Pan dulce, a category of colorful Mexican pastries, is as prevalent a breakfast choice for Texans as tacos and kolaches. Bakeries selling seashell-stamped shells, pig-shaped little pigs, and pastel rosado (fluffy yellow-leaf cake covered in pink icing and no rainbow brackets) can be found in almost every town. Most are easily recognizable by their colorful images and lettering, but San Antonio’s Alebrije Bakery takes a more subtle approach.
The bakery is in a renovated corner building near the imposing gates of Fort Sam Houston in the Government Hill neighborhood. The external structure has earth tones, but a sign featuring a winged armadillo, an otherworldly kaleidoscopic spirit animal known as an alebrije, will let you know you’re in the right place. The interior of Alebrije Bakery is more vibrant, thanks in part to the vivid sweet bread options. As I sank into my seat, I easily disassembled a cushion-soft shell without the pastel top falling apart. It was some of the best concha I’ve had in Texas or Mexico.
Opening a bakery was not part of the plan for owners Claudio Navarro and Christian Méndez, husband and wife. The couple met in Michoacán in 2017 and began a long-distance relationship. Navarro had a full-time job in San Antonio producing videos for the nonprofit Yes! Our children can. Mendez was a chef in Uruapan, Mexico. Mendez moved to San Antonio in 2018 and the two got married. Mendez then mentioned to her husband that she longed for Mexican food, especially pan dulce. “She was depressed,” she admits. Navarro encouraged her to apply her culinary skills to baking pan dulce to ease her longing a bit. She started out making shells and it eventually became more than just a hobby.
Word of Mendez’s pastries reached local cafeteria owners, and when they began stocking their products, customers gobbled them up. “Two cafeterias became five, ten, and then fifteen,” says Navarro. After the COVID-19 pandemic defunded Navarro’s nonprofit work, he dedicated himself to helping his wife. The operation quickly outgrew the kitchen in his apartment, so the couple moved cooking to a commissary. Nine months later, with successful wholesale accounts, Navarro and Mendez partnered with another company to share a physical, non-retail store on the south side of San Antonio. Six months into that partnership, in March 2021, they decided to open the store to the public. But Alebrije outgrew that kitchen in three months and closed while Navarro and Méndez searched for their own space. The decision to temporarily close was bittersweet. “It was a bummer,” Navarro says. “As a small business, investing money in opening your first location, even if it’s shared and the bills are too, and then moving out quickly is disappointing.”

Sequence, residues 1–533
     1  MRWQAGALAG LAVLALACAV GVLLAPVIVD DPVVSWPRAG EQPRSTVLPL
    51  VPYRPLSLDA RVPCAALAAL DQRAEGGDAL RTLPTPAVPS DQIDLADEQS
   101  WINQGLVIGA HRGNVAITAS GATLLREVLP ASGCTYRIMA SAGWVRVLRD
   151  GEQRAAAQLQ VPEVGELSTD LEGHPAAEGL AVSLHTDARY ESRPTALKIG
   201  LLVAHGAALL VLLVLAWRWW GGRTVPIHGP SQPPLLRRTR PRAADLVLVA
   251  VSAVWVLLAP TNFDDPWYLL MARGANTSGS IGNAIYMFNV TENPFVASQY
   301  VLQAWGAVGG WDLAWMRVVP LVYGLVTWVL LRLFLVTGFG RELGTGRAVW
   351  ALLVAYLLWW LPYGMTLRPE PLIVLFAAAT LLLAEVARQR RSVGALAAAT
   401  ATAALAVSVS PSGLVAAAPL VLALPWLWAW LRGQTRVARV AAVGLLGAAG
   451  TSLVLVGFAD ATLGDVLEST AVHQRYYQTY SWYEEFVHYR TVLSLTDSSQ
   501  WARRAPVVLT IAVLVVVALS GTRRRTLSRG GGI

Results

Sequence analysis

The couple found Alebrije’s current permanent location in the summer of 2021. They fell in love from the start. They had the stucco removed from the left wall, exposing a 1930s black-and-yellow ad that read “Are you a woman?” and touted the health benefits of a tonic. It was a quick renovation. “We didn’t have a lot to make it work, but I knew exactly how much I needed to make it work,” says Navarro. “It was very, very important for us to open as quickly as possible.” It was urgent to recover the costs of construction of kitchens and permits. Alebrije announced its soft opening on December 11, 2021.
The couple had baked all night and up to twenty minutes before the store opened. “I didn’t expect a lot of people,” Navarro recalls from that first day. He opened the door and turned the sign to Open, but no customers entered. Navarro finally opened the curtains, surprised and joyful to see a line of people (who had assumed the bakery wasn’t open yet because the curtains were closed) wrapped around the building. The garibaldis broth stuffed with guava and sprinkled; conical waffles filled with cream; and chocolate flavored padded shells were snapped up in less than three hours. “It was overwhelming,” says Navarro.
The next day, when Navarro and Mendez were on their way to the bakery at 2 am, they were rear-ended. Your vehicle turned at an intersection. First responders arrived and had to open the driver’s side door of the other car. Navarro began to think about how, although he and his wife felt fine, the adrenaline had masked the extent of their injuries. It was the day after the accident that the damage became evident. “My head was killing me. My wife’s head was killing her,” says Navarro. The grand opening of Alebrije would have to wait. The business closed until Mendez completed physical therapy and reopened on January 23, 2022.
The customer response was amazing. The line was longer the second time and the boxes were emptied in no time. “We sold out very, very quickly,” Navarro says, noting that since that day, he and Mendez have been very blessed to have a lot of community support.
The bakery’s ever-changing menu continues to sell out every day. One morning, a customer can see empanadas filled with fruit and sprinkled with sugar in the case. On another visit, that cake will have been replaced with pink cake (known as a cortadillo in Mexico). Seeing what’s available is as exciting as biting into your first shortbread, which I felt while sitting in the rainbow-colored chairs under iridescent cut-out cellophane banners.
Many of today’s offers began as requests from friends and customers. Mendez recalled a woman who had recently moved from Las Vegas and was having a hard time finding a pink cake she liked. Now, it is one of the most popular items in Alebrije. “Our pan dulce always begins as a story,” says Méndez. For her, pan dulce has its roots in childhood nostalgia. “People come to my bakery and I can see the exact moment when they go back to being kids,” Mendez says.
1931 N. New Braunfels Avenue, San Antonio
Hours: Wednesday–Friday 7–2, Saturday–Sunday 9–5